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NY F87222

June 14, 2000

CLA2-61:RR:NC:TA:359 F87222


Ms. Ruby L. Wood
Evans and Wood & Co., Inc.
P.O. Box 610005
DFW Airport, Texas 75261

RE: Classification and country of origin determination for a unisex knitted pullover sweatshirt; 19 CFR 102.21(c)(2); tariff shift; Applicability of partial duty exemption under subheading 9802.00.80, HTSUSA

Dear Ms. Wood:

This is in reply to your letter dated March 29, 2000, and to subsequent information that was received in this office on May 23, 2000, submitted on behalf of Hobby Lobby Stores, Oklahoma City, Oklahoma, requesting a tariff classification, country of origin determination and eligibility under 9802.00.80 HTSUSA for a unisex knitted pullover sweatshirt which will be imported into the United States.


The subject merchandise consists of a unisex knitted pullover sweatshirt that is constructed from 50% cotton, 50% polyester, finely knit fabric that is napped on the inside surface. The garment features a crew neckline, long sleeves with ribbed cuffs, and a ribbed bottom.

The manufacturing operations for the unisex knitted pullover sweatshirt are as follows:

You intend to purchase American made fabric which you will cut into “sweatshirt patterns” in the United States. These fabric panels which are the components of the sweatshirts will be sent to Honduras for assembly into the finished garments.


What are the classification and country of origin of the subject merchandise? Is it eligible for partial duty exemption under 9802.00.80?


The applicable subheading for the unisex knitted pullover sweatshirt will be 6110.30.3045, Harmonized Tariff Schedule of the United States Annotated (HTSUSA), which provides for sweaters, pullovers, sweatshirtsknitted or crocheted, of man-made fibers, other, other, other, other, sweatshirts, women’s or girls’. The rate of duty will be 32.9% ad valorem.

The unisex knitted pullover sweatshirt falls within textile category designation 639. The designated textile and apparel categories and their quota and visa status are the result of international agreements that are subject to frequent renegotiations and changes. To obtain the most current information, we suggest that you check, close to the time of shipment, the U.S. Customs Service Textile Status Report, an internal issuance of the U.S. Customs Service, which is available at the Customs Web Site at WWW.CUSTOMS.GOV. In addition, the designated textile and apparel categories may be subdivided into parts. If so, visa and quota requirements applicable to the subject merchandise may be affected and should also be verified at the time of shipment.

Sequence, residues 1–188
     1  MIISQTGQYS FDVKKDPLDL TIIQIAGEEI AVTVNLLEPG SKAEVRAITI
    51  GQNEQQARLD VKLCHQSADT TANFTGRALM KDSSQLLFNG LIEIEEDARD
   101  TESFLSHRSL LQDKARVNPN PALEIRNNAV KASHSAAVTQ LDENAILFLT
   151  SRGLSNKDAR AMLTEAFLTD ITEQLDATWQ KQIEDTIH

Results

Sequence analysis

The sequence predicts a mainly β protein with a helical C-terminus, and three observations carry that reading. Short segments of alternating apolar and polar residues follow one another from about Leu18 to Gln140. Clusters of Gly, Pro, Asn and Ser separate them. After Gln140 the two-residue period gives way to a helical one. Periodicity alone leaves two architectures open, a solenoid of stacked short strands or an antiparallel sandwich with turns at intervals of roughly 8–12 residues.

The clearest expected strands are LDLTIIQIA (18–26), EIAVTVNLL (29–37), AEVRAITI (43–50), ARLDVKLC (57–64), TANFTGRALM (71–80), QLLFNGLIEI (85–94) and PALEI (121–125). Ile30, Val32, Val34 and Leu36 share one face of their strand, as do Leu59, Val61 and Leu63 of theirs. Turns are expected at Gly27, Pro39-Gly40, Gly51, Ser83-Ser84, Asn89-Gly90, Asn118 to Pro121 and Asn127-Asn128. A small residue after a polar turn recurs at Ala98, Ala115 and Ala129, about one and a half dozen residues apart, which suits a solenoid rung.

On December 8, 1994, the President signed into law the Uruguay Round Agreements Act. Section 334 of that Act (codified at 19 U.S.C. 3592) provides new rules of origin for textiles and apparel entered, or withdrawn from warehouse, for consumption, on and after July 1, 1996. On September 5, 1995, Customs published Section 102.21, Customs Regulations, in the Federal Register, implementing Section 334 (60 FR 46188). Thus, effective July 1, 1996, the country of origin of a textile or apparel product shall be determined by sequential application of the general rules set forth in paragraphs (c)(1) through (5) of Section 102.21.

Paragraph (c)(1) states that "The country of origin of a textile or apparel product is the single country, territory, or insular possession in which the good was wholly obtained or produced." As the subject merchandise is not wholly obtained or produced in a single country, territory or insular possession, paragraph (c)(1) of Section 102.21 is inapplicable.